Lilyan Tashman was born today, October 23, in 1896. She was an vaudeville, Broadway, and film actress. Tashman was best known for her supporting roles as tongue-in-cheek villainesses and the vindictive "other woman." She made 66 films over the course of her Hollywood career and although never obtained superstar status, her cinematic performances are described as "sharp, clever and have aged little over the decades."
She died of cancer in New York City on March 21, 1934, at the age of 37.
But... there is more to this story.
From the Shadows and Satin blog:
She had striking features, large, smoldering eyes, and brassy blond hair. An easy smile and expressive hands that frequently reached out to touch an arm or stroke a lapel. A sense of nonchalant sophistication and, when she wanted to reveal it, an unabashed sexiness. And, boy, did she know her way around a wisecrack. If you’ve never seen Lilyan Tashman in a film, you can see what I mean by checking her out in New York Nights (1929), Millie(1930), Girls About Town (1931), or Murder By the Clock (1931) – all four are available on YouTube, just waiting to be discovered.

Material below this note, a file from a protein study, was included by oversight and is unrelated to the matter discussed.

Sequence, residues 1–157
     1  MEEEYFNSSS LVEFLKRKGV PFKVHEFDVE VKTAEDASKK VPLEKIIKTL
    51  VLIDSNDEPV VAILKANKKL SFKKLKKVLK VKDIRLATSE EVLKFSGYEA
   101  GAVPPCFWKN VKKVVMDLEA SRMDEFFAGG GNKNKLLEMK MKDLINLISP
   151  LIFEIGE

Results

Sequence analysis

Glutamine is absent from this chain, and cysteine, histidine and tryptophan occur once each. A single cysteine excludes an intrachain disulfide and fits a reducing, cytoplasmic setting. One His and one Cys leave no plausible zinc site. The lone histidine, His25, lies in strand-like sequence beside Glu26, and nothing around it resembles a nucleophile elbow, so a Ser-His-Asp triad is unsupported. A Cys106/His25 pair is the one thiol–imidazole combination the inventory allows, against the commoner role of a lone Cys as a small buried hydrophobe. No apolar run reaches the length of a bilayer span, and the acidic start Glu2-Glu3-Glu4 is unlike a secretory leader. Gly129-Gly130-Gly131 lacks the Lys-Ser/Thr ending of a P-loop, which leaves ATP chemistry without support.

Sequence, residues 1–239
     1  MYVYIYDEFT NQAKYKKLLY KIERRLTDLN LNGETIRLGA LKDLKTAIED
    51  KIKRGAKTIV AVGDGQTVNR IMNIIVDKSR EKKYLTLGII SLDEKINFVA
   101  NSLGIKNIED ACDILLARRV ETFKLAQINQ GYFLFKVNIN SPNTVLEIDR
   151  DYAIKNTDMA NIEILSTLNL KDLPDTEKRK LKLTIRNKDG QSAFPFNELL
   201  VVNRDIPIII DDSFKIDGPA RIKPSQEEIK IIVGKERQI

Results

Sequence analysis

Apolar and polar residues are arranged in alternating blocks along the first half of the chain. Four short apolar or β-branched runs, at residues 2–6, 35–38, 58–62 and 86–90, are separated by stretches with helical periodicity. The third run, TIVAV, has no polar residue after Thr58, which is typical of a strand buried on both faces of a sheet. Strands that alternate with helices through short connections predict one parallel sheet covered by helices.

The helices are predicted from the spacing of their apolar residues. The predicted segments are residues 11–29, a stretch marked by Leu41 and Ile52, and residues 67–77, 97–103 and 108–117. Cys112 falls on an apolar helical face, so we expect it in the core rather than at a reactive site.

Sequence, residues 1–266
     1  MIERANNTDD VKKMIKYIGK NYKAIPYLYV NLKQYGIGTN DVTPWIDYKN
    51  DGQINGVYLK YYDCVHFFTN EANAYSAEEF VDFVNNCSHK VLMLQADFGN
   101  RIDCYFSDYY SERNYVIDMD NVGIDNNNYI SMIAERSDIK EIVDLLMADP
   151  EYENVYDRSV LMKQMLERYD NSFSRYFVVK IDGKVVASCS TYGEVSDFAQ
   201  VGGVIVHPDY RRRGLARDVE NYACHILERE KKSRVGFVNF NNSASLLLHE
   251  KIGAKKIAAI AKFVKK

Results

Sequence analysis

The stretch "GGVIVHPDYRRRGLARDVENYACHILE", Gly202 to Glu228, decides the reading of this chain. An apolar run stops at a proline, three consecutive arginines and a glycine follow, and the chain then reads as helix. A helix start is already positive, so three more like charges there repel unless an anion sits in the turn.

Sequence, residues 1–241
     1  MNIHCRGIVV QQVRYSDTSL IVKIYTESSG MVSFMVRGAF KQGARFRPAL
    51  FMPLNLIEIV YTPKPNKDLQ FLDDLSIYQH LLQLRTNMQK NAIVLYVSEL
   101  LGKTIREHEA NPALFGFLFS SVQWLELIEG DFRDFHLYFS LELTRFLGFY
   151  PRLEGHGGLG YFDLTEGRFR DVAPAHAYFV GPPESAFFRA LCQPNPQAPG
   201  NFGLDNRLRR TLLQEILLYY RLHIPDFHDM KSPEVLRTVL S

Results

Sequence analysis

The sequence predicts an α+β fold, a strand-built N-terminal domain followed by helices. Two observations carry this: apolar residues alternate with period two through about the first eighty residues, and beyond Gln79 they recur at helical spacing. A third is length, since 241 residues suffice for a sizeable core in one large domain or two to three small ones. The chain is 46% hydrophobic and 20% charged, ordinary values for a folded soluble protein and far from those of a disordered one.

Oh – did I mention that voice? Like honeyed bourbon. Straight.
I have to note here that most of today’s references proclaim with confidence that [her husband,] Edmund Lowe was gay and that Lilyan was a lesbian; many sources assert that her most famous lover was Greta Garbo, and one refers to Garbo’s biography by Barry Paris, in which Lina Basquette and Irene Mayer Selznick claim that Lilyan made passes at them.
“Ed and I don’t fight over the little things,” she said. “It’s unnecessary. The cure for it is consideration of the other fellow. Of course, the only way a woman can hold any man is to be more interesting to him than any other woman can be. Where there is love, there is jealousy – to a degree. I have never had occasion, however, to be jealous of Eddie. I pride myself that I interest him more than any other woman.”
Read more here.